A site devoted to discussing techniques that promote quality and ethical practices in software development.

Saturday, October 20, 2012

OFX Encoding bug - This time from CBA

Further to my discover of a financial institution failing to generate OFX standard compliant OFX file, while I was helping a friend to download bank statements from the Commonwealth Bank of Australia's Netbank facility, I noticed something not quite right.

One would think CBA being one of the largest banks in Australia would have hired the most competent developers to code their download statement in OFX format. Well it seems their developers have failed the test of standard software development practice producing ridiculous results, just like others.

In CBA's case, it seems that they have not read section of OFX 1.02 specification for representing datetime

In 4 files out of 13 I downloaded, in a space of a day, the elements <SONRS><DTSERVER>, <LEDGERBAL><DTASOF> and <AVAILBAL><DTASOF> containing ridiculous dates and here are the figures:



According to the standard, section, which says:
Tags specified as type date or datetime and generally starting with the letters “DT” accept a fully formatted date-time-timezone string. For example, “19961005132200.124[-5:EST]” represents October 5, 1996, at 1:22 and 124 milliseconds p.m., in Eastern Standard Time. This is the same as 6:22 p.m. Greenwich Mean Time (GMT).

Date and datetime also accept values with fields omitted from the right. They assume the following defaults if a field is missing:
Note that times zones are specified by an offset and optionally, a time zone name. The offset defines the time zone.

Take care when specifying an ending date without a time. If the last transaction returned for a bank statement download was Jan 5 1996 10:46 a.m. and if the was given as just Jan 5, the transactions on Jan 5 would be resent. If results are available only daily, then just using dates and not times will work correctly.

NOTE: Open Financial Exchange does not require servers or clients to use the full precision specified. However, they are REQUIRED to accept any of these forms without complaint.
Some services extend the general notion of a date by adding special values, such as “TODAY.” These special values are called “smart dates.” Specific requests indicate when to use these extra values, and list the tag as having a special data type.
So how can any developer possibly produce 37, 45, 50 and 48 days in September? Do they actually test their code at all? I wonder if these people has actually read the standard before coding?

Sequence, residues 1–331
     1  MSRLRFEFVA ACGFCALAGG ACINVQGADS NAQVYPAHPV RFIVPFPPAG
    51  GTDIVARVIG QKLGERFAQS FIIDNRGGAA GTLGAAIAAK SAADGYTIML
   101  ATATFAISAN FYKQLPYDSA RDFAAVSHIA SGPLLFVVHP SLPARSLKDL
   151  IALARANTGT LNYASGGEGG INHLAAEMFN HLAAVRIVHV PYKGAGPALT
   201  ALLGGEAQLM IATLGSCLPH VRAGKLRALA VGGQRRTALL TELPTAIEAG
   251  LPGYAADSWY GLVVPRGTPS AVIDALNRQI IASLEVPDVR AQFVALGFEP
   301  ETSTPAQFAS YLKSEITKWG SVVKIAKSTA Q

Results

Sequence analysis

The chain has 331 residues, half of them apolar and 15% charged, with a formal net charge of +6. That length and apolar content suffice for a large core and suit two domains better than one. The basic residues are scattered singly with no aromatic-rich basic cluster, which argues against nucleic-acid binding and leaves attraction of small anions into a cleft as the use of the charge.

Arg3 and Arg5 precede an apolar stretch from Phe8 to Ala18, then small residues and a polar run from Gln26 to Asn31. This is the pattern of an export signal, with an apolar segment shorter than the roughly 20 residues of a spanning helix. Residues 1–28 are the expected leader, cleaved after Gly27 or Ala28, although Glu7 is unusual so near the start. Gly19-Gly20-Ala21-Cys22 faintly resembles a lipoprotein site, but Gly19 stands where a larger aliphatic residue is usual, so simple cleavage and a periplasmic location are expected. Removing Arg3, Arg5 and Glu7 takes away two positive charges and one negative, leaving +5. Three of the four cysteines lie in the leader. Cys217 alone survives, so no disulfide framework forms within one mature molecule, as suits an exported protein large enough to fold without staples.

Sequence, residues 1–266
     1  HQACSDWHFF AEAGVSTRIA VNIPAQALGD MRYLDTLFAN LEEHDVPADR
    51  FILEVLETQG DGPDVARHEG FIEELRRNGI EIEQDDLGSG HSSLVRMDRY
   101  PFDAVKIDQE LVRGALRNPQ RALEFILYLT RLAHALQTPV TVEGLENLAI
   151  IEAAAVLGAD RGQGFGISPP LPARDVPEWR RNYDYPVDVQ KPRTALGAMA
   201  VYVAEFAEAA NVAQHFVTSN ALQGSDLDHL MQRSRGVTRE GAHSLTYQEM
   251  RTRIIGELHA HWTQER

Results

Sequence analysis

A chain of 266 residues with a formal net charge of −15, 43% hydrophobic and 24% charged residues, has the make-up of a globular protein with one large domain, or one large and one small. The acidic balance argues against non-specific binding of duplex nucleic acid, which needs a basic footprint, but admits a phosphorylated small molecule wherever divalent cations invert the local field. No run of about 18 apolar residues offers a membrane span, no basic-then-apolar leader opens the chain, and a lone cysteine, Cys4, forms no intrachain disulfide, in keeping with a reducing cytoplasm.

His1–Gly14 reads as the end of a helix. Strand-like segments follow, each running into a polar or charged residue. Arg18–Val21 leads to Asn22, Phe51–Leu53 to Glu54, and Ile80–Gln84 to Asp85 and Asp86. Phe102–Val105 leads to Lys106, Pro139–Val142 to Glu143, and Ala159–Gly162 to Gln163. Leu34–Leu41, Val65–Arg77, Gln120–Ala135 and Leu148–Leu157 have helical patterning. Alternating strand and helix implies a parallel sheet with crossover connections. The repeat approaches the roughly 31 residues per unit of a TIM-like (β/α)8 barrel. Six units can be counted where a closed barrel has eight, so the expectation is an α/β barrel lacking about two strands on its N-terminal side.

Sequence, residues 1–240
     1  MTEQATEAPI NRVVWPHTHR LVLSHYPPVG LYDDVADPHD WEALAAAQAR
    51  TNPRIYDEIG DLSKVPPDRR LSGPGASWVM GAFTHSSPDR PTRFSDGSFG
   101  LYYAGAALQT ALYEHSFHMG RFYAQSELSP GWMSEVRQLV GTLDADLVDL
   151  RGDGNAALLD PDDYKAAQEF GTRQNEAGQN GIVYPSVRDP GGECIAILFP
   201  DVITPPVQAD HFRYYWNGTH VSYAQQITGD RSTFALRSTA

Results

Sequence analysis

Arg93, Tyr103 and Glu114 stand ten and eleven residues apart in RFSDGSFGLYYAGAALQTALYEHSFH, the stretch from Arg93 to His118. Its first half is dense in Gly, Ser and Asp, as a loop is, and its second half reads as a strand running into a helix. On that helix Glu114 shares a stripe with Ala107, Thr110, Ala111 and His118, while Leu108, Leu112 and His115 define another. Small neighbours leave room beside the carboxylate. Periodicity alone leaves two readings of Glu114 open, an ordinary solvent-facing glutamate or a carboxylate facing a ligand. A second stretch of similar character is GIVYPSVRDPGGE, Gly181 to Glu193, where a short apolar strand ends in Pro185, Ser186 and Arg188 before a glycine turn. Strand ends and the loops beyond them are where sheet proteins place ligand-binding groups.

Thankfully GnuCash does not use these elements otherwise it will prevent the download data from being imported into GnuCash. 

Friday, October 5, 2012

Microsoft's System.Xml.Serialization.XmlSerializer generates uncompilable code for some xs:double default values

Consider the following valid schema:
<xs:schema id="MyDemoSchema"
  <xs:complexType name="Foo">
      <xs:element name="Name" type="xs:string" minOccurs="0" maxOccurs="1" />
      <xs:element name="SomeNumber" type="xs:double" 
                  minOccurs="0" maxOccurs="1" 
                  default="NaN" />

  <xs:element name="Foo" type="Foo" />

The minute you execute the following piece of code:
Foo f = new Foo();
XmlSerializer ser = new XmlSerializer( typeof(Foo) ); // ---- Error CS0103 ---

will generate a CS0103 compilation error. This is caused by the CLR runtime in which it will at that moment generates a temporary serialization assembly that actually performs the serialization and deserialization process.

It is the code generation process that fails to handle W3C acceptable xs:double values such as NaN, INF and -INF producing uncompilable code.

In brief, but will provide a more detail expose below, is that it generates code like this:
   if( x != NaN ) { < --- causes CS0103
     // do something 

Which naturally does not compile and it generates the same error message as when the XmlSerializer is instantiated. You can't even use the logical operator to test if the value of System.Double is Double.NaN.

This is the exact code fragment of the generated code causing the CS0103:
if (((global::System.Double)o.@SomeNumber) != NaN) {
    WriteElementStringRaw(@"SomeNumber", @"http://tempuri.org/MyDemoSchema.xsd", 

There is no way this line can compile. It has to be corrected like this:
if ( !System.Double.IsNaN ((global::System.Double)o.@SomeNumber)  ) {
    WriteElementStringRaw(@"SomeNumber", @"http://tempuri.org/MyDemoSchema.xsd", 

Detail Discussion and work around